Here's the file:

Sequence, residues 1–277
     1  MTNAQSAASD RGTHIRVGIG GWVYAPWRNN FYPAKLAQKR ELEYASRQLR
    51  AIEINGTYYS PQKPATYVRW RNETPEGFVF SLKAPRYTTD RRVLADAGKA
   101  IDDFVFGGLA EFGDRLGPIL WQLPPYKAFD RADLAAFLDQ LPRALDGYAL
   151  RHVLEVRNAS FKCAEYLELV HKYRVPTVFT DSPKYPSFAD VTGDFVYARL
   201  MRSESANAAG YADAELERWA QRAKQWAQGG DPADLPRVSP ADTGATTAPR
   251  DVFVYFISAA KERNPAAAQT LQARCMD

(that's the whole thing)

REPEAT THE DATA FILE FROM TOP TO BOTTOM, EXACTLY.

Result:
Sequence, residues 1–277
     1  MTNAQSAASD RGTHIRVGIG GWVYAPWRNN FYPAKLAQKR ELEYASRQLR
    51  AIEINGTYYS PQKPATYVRW RNETPEGFVF SLKAPRYTTD RRVLADAGKA
   101  IDDFVFGGLA EFGDRLGPIL WQLPPYKAFD RADLAAFLDQ LPRALDGYAL
   151  RHVLEVRNAS FKCAEYLELV HKYRVPTVFT DSPKYPSFAD VTGDFVYARL
   201  MRSESANAAG YADAELERWA QRAKQWAQGG DPADLPRVSP ADTGATTAPR
   251  DVFVYFISAA KERNPAAAQT LQARCMD